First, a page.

The biggest problem with outdoor events is the weather. Will you’re event be held rain or shine, or will it be postponed? From the day you think of the event to the day of, you want to monitor the weather. You also need a backup plan in case it does rain. Can you’re event be moved indoors and if so where, can it be put under tents and pavilions, or does it need to be rescheduled? Each of those choices needs to be further looked into. If its moved indoors is it close by, or does your guests need to relocate as well? If it can be put under a pavilion will it hold up against the weather, and will it be large enough for the event? Then there’s rescheduling, you can plan ahead and already have the day marked down for all guests attending, or you can play it by ear. You can reschedule to a new location, or a future date in time. Rescheduling is something you need to have preplanned and something that you need to be prepared for.

Finally: Clean Up
Just as important as setting up, is cleaning up. Will you need dumpsters, or will the local waste management pick it up? It’s always good to have a plan for trash pickup. If it’s a multiple day event, can you get the local trash collectors to pick up daily, or will they only pick up on routine? You can also contact the local waste management company and see if they will donate any trash receptacles as well as any products to help clean.

Written By
Brandon Mitchell
I’m a current intern at Kilgore Events and Meetings, as well as full time student at the Pittsburgh Technical Institute. When I graduate in July of 2013 I will have an Associate’s Degree in Business Management, to then continue on with Robert Morris’s Bachelor’s Degree program for Business Administration.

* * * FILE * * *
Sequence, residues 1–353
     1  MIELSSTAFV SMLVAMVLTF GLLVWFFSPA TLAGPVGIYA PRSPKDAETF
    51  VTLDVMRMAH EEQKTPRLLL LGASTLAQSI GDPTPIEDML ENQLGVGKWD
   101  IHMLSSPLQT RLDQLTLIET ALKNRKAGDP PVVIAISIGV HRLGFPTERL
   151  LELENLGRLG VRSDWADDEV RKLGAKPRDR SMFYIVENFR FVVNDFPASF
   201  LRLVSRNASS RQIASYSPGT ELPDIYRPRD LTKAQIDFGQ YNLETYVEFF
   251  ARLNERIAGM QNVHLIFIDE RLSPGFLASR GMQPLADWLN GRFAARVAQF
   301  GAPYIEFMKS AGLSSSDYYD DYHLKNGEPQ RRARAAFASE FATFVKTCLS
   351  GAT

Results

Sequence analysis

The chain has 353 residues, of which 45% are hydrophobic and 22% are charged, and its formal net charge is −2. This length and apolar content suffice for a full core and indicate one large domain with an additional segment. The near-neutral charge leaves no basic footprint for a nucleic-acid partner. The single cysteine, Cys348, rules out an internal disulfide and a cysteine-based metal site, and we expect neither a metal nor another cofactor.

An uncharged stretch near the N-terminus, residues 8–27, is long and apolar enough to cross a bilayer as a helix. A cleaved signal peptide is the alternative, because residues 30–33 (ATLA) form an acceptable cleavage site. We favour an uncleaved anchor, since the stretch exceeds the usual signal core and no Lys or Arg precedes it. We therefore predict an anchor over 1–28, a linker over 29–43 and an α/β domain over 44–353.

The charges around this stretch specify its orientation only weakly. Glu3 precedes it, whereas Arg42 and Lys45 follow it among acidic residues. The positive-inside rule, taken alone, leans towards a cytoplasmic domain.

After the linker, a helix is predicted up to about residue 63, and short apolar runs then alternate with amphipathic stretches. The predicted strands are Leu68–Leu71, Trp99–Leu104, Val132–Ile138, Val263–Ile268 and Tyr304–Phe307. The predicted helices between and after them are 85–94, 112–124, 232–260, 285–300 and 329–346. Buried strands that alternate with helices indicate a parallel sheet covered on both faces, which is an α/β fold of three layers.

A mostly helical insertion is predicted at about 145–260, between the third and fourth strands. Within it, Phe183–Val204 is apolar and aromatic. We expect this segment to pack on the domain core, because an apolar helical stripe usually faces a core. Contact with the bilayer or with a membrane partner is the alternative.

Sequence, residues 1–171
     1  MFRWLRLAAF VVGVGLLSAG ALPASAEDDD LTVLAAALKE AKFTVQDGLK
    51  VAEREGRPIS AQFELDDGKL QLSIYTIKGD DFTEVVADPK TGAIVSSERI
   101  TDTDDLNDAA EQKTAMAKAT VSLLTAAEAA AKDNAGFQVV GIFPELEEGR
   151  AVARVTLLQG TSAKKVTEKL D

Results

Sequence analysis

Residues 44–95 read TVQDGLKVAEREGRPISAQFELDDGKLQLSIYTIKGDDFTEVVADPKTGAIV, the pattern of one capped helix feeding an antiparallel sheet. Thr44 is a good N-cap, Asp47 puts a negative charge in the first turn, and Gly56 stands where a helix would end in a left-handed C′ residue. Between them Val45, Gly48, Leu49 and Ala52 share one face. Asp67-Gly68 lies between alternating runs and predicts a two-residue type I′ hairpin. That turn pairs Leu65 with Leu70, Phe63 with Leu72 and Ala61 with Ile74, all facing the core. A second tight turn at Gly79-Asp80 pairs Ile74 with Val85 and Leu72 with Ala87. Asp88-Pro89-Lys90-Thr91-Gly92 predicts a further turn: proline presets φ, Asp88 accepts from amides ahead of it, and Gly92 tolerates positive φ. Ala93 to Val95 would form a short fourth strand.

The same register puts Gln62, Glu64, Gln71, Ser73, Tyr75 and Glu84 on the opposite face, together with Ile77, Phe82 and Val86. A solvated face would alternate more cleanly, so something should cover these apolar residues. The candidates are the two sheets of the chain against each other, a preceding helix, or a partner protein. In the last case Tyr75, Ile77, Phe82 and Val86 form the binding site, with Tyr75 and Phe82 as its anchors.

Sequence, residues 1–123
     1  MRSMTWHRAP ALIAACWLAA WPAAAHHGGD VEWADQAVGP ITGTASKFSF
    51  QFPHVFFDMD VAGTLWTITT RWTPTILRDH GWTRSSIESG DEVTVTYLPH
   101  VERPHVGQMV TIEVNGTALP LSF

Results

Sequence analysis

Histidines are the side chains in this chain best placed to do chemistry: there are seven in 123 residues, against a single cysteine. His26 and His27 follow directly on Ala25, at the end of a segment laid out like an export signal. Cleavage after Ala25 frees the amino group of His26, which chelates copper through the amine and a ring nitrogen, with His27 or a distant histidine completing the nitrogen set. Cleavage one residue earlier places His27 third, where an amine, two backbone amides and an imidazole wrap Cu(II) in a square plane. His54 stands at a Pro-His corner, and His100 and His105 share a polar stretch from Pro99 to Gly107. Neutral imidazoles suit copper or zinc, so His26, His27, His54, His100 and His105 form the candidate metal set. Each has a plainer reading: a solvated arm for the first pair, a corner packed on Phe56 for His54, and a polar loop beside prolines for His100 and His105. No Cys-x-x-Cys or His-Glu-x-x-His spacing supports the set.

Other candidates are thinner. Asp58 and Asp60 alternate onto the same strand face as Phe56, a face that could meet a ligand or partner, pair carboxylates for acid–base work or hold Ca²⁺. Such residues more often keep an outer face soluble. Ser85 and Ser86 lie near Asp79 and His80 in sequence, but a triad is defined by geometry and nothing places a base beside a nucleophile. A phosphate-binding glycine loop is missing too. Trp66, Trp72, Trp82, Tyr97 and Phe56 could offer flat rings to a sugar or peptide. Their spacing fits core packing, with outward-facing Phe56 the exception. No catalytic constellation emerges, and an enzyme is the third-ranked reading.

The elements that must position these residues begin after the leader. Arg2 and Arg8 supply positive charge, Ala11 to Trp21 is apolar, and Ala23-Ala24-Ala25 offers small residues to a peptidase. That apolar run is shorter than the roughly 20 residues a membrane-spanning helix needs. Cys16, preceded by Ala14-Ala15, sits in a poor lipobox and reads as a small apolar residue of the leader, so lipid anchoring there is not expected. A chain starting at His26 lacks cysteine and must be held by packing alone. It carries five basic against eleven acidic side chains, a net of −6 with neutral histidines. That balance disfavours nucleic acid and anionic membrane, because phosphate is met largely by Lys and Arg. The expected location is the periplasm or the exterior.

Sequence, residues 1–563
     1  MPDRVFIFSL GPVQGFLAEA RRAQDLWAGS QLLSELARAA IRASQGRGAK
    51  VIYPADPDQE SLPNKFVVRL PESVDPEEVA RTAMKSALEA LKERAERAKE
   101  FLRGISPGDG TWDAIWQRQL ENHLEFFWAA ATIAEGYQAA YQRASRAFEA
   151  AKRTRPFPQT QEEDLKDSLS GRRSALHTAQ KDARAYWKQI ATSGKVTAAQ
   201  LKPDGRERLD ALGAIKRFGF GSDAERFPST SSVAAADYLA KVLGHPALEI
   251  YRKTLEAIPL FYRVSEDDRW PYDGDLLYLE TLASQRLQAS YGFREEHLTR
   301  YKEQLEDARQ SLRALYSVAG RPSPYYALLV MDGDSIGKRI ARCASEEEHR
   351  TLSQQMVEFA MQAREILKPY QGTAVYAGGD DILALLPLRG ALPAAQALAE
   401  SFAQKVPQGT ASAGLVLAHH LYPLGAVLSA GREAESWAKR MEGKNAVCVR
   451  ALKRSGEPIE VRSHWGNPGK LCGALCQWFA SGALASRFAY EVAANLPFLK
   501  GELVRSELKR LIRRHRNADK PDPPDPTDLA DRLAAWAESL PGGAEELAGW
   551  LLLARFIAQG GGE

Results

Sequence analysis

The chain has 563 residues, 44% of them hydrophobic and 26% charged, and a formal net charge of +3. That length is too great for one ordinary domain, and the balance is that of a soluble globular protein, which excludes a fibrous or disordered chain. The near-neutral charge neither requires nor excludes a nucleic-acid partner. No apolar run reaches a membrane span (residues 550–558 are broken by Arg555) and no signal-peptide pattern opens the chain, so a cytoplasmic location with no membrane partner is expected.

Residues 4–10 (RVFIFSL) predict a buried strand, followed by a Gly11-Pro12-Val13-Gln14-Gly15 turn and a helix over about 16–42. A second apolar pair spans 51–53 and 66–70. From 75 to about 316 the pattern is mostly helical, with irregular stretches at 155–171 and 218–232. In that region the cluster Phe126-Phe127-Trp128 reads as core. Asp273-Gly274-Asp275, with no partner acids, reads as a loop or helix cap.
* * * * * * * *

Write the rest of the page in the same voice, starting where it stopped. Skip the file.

Sunday, February 17, 2013

Salad Spinners

Welcome to Planner's Pointers!   Here's a little tip about how to add a little zest to your next function.  Budgets are tight these days so doing extravagant  meals can be off the menu .  But what if you take one thing and do it differently?

Let's take a look at the humble salad.  How many times have we seen it as mixed greens with tasteless tomato slices.  On a good day sometimes you get feta cheese or blue cheese crumbles.  Usually you get  with two choices of dressing. While mixed greens are a little better than iceberg lettuce, it's still not particularly  memorable. 

Let's talk about salad that is pictured.  This salad came from a fall luncheon I attended.  The pears were in season which made them less expensive than other times.  See how interesting it makes the plate by wrapping the  leaf lettuce in a thin slice of cucumber?  Add some cheese and candied walnuts.  One amazing presentation!  People are still talk about  it. 

Talk with your catering manager and the chef for your next function.  Ask them what they can do for you to make your next banquet one to remember.